RIP Michael Jackson

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default RIP Michael Jackson

Post by kane on Thu Jun 25, 2009 8:10 pm


Michael Jackson dies in LA hospital

LOS ANGELES - Michael Jackson, the sensationally gifted child star who rose to become the "King of Pop"
and the biggest celebrity in the world only to fall from his throne in
a freakish series of scandals, died Thursday. He was 50.

Jackson died at UCLA Medical Center after being stricken at his
rented home in Holmby Hills. Paramedics tried to resuscitate him at his
home for nearly three-quarters of an hour, then rushed him to the
hospital, where doctors continued to work on him.

"It is believed he suffered cardiac arrest in his home.
However, the cause of his death is unknown until results of the autopsy
are known," his brother Jermaine said. Police said they were
investigating, standard procedure in high-profile cases.

Jackson's death brought a tragic end to a long, bizarre, sometimes
farcical decline from his peak in the 1980s, when he was popular
music's premier all-around performer, a uniter of black and white music
who shattered the race barrier on MTV, dominated the charts and dazzled even more on stage.

His 1982 album "Thriller" which included the blockbuster hits "Beat It," "Billie Jean" and "Thriller" is the best-selling album of all time, with an estimated 50 million copies sold worldwide.

At the time of his death, Jackson was rehearsing hard for what was
to be his greatest comeback: He was scheduled for an unprecedented 50
shows at a London arena, with the first set for July 13.

As word of his death spread, MTV switched its programming to play
videos from Jackson's heyday. Radio stations began playing marathons of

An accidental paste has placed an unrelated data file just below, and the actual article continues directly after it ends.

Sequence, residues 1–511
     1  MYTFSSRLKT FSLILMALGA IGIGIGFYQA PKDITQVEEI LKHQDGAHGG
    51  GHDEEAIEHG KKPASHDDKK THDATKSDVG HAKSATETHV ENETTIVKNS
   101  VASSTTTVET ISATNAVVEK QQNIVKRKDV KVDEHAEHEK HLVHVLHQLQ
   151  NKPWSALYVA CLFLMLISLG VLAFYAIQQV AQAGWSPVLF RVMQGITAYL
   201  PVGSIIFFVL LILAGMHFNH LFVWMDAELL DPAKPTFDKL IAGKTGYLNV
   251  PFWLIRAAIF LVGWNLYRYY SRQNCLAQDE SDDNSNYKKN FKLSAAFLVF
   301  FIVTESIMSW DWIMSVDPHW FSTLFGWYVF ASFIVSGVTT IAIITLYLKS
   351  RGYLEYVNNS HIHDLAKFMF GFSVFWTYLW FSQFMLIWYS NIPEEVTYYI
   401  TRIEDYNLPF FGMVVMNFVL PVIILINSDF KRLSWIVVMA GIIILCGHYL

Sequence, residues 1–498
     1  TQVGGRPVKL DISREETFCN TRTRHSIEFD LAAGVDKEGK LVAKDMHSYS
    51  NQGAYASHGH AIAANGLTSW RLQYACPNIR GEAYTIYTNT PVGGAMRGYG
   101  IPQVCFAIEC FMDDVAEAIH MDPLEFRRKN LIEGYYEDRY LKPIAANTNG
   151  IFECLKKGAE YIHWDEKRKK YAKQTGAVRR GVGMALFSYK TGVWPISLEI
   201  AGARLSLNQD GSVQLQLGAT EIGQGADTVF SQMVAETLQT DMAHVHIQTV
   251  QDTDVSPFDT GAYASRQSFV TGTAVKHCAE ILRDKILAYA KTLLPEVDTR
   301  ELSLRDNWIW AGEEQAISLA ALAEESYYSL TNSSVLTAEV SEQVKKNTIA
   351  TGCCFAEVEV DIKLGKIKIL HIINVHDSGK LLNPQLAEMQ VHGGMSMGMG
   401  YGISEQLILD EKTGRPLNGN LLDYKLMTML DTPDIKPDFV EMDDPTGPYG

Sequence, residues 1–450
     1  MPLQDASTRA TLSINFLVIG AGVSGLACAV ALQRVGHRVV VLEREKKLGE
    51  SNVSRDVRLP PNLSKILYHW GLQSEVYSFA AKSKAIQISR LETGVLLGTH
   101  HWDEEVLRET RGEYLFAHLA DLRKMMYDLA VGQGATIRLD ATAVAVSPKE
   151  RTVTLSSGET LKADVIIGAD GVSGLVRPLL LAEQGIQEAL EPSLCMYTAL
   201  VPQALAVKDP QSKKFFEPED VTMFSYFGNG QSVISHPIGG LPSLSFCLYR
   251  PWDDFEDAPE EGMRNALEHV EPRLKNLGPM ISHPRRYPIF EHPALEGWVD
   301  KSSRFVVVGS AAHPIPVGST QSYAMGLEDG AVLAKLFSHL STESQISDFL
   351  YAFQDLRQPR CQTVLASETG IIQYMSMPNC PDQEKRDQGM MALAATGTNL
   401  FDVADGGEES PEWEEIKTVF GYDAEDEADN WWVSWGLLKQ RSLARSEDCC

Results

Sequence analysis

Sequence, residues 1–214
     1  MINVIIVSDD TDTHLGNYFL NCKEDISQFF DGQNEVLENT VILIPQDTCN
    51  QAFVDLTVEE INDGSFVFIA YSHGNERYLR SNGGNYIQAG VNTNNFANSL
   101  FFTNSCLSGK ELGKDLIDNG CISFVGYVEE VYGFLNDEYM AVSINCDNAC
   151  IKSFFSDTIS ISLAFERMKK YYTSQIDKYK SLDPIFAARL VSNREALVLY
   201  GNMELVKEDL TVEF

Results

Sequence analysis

his hits. Hundreds of people gathered outside the hospital. In New
York's Times Square, a low groan went up in the crowd when a screen
flashed that Jackson had died, and people began relaying the news to
friends by cell phone.

"No joke. King of Pop is no more. Wow," Michael Harris,
36, of New York City, read from a text message a friend had sent him.
"It's like when Kennedy was assassinated. I will always remember being
in Times Square when Michael Jackson died."

The public first knew him as a boy in the late 1960s, when he was the precocious, spinning lead singer of the Jackson 5, the singing group he formed with his four older brothers out of Gary, Ind. Among their No. 1 hits were "I Want You Back," "ABC" and "I'll Be There."

He was perhaps the most exciting performer of his generation, known for
his backward-gliding moonwalk, his feverish, crotch-grabbing dance moves
and his high-pitched singing, punctuated with squeals and titters. His
single sequined glove, tight, military-style jacket and aviator
sunglasses were trademarks, as was his ever-changing, surgically
altered appearance.

"For Michael to be taken away from us so suddenly at such a young age, I just don't have the words," said Quincy Jones,
who produced "Thriller." "He was the consummate entertainer and his
contributions and legacy will be felt upon the world forever. I've lost
my little brother today, and part of my soul has gone with him."

Jackson ranked alongside Elvis Presley and the Beatles
as the biggest pop sensations of all time. He united two of music's
biggest names when he was briefly married to Presley's daughter, Lisa
Marie, and Jackson's death immediately evoked comparisons to that of
Presley himself, who died at age 42 in 1977.

As years went by, Jackson became an increasingly freakish figure — a
middle-aged man-child weirdly out of touch with grown-up life. His skin
became lighter, his nose narrower, and he spoke in a breathy, girlish
voice. He often wore a germ mask while traveling, kept a pet chimpanzee
named Bubbles as one of his closest companions, and surrounded himself
with children at his Neverland ranch, a storybook playland filled with toys, rides and animals. The tabloids dubbed him "Wacko Jacko."